FAIRBANKS, Alaska - NASA and the University of Alaska Fairbanks have extended their contract to continue research through Alaska's Satellite Facility. The University of Alaska Fairbanks has been awarded $48.6 million, renewing their contract with NASA at UAF's Geophysical institute.
Nettie La Belle-Hamer, director with UAF's Alaska Satellite Facility, also referred to as ASF, spoke about the relationship between NASA and the university.
"The last couple of years, ASF engineers have demonstrated to NASA their strength and prowess in the advance programming for advance based technologies and we are part of the leading edge of NASA going into these more advanced technologies," she said.
The data provided by Satellite Aperture Radar, or SAR, imagery has been used to further research in various ways, such as predicting weather patterns. SAR can assess the status of infrastructures after an earthquake and can aid research vessels in ice packed locations by sending images of the ice to the vessel's computer.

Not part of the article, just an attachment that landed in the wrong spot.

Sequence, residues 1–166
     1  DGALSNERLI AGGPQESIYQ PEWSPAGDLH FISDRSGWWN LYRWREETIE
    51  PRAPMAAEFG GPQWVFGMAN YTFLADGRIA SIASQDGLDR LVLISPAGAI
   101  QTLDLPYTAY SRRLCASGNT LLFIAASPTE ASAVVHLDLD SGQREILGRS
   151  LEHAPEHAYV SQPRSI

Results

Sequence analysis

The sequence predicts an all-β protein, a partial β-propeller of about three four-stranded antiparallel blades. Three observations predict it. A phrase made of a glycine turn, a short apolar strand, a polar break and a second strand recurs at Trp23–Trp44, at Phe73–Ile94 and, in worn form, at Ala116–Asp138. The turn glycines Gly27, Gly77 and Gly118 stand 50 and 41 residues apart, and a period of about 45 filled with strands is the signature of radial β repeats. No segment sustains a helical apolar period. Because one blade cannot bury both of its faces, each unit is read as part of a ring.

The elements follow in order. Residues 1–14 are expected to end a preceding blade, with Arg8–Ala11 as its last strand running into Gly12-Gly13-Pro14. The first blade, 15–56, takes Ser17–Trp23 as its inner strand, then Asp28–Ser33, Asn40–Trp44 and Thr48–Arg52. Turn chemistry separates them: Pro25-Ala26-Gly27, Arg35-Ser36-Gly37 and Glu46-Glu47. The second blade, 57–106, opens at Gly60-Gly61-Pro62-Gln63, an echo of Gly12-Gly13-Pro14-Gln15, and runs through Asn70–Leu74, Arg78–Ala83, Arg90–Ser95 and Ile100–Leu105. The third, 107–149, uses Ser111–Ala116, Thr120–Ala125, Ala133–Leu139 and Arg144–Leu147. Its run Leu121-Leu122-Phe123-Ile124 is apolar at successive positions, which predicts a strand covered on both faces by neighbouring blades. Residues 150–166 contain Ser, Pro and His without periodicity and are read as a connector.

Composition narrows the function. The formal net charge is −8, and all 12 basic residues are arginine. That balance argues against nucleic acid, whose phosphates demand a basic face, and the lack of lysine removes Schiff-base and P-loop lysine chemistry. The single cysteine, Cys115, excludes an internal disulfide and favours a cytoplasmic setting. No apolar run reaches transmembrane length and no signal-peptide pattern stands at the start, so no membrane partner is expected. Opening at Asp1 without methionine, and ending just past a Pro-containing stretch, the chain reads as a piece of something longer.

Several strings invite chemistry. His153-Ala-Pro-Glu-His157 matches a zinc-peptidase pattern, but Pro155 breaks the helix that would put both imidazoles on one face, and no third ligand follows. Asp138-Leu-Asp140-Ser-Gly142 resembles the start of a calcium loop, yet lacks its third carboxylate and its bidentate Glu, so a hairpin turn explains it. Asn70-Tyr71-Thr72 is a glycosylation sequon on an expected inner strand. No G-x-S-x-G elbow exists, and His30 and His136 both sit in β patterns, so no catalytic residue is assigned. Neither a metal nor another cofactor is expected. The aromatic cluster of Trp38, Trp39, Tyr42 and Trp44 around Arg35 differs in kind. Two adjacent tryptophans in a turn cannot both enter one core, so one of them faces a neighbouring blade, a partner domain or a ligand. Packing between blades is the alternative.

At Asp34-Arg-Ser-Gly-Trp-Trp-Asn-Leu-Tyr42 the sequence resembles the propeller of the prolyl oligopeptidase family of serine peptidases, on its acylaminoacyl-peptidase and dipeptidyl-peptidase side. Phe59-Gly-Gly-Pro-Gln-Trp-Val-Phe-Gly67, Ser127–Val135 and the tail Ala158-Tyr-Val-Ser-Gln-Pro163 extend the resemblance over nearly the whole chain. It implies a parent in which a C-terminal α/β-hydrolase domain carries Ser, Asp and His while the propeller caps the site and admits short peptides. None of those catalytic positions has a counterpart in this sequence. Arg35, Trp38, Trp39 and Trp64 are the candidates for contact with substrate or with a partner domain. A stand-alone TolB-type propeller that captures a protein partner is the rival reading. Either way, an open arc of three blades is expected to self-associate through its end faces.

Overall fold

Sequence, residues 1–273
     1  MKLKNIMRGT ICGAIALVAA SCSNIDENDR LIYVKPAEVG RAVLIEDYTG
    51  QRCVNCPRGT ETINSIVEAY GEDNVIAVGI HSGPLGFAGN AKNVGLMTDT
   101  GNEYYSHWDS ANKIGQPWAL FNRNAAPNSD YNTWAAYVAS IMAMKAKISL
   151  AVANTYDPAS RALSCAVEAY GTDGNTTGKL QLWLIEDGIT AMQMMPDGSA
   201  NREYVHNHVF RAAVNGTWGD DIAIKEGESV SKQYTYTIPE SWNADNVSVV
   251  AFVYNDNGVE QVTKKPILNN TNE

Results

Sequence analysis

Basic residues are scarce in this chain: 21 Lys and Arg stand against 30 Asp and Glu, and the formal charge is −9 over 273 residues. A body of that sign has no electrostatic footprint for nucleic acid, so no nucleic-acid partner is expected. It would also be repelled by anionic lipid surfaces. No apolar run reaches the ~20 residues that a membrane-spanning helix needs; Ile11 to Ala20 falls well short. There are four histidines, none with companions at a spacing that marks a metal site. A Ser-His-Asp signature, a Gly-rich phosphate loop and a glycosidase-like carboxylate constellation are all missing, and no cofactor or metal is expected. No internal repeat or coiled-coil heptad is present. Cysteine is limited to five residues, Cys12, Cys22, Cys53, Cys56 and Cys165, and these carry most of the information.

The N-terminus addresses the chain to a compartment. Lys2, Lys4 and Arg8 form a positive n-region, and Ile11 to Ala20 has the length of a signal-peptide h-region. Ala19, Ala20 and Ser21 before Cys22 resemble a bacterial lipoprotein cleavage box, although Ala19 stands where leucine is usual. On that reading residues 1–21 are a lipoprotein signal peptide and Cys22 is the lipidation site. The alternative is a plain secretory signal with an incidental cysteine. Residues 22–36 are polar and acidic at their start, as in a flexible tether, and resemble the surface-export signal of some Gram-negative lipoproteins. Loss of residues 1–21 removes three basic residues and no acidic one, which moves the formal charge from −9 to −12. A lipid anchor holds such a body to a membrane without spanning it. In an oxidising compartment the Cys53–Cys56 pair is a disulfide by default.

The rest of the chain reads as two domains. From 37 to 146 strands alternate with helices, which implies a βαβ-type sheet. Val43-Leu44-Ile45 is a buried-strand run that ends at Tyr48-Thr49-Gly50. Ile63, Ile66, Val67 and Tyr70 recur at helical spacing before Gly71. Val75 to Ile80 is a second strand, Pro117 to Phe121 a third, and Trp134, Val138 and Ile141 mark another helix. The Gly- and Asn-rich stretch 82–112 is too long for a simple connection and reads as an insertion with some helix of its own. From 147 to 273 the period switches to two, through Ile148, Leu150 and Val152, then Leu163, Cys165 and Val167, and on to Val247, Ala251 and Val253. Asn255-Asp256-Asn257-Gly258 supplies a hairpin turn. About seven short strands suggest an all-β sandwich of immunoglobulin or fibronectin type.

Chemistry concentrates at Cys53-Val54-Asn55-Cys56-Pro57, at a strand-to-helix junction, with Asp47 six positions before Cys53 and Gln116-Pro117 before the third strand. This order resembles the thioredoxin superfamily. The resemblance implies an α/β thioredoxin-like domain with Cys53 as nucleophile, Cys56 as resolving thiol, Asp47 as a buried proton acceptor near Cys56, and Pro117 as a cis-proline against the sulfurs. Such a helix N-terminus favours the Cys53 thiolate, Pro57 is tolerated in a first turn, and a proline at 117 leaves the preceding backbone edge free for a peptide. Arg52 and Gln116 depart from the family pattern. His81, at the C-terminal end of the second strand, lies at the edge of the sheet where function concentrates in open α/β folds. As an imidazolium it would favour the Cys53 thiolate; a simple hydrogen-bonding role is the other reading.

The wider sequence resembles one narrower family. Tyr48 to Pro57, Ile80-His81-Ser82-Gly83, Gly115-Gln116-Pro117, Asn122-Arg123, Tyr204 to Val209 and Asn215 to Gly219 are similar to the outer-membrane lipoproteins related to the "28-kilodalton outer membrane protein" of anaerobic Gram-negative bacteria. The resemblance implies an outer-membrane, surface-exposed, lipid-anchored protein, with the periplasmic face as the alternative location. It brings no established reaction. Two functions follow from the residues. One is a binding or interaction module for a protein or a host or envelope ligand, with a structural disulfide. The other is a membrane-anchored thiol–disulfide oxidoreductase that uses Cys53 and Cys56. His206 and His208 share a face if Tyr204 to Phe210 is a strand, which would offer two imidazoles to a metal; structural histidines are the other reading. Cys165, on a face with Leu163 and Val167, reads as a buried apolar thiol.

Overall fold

"A camera is a passive sensor and it records what sees with a normal light. With radar, it's an active signal, a chirp is what we call it. A chirp comes out from the satellite and it records not only what chirp it sent, but it also records what came back and the relationship between those two waves," she said.
The facility operates 24 hours a day, 7 days a week, and currently has 55 employees, many of which are students at UAF. La Belle-Hamer says this contract speaks volumes with how NASA trusts UAF to handle these new, exciting and very challenging missions.
Among the 12 NASA sponsored DAAC's, Alaska Satellite Facility is the only one that specializes in Synthetic aperture radar data.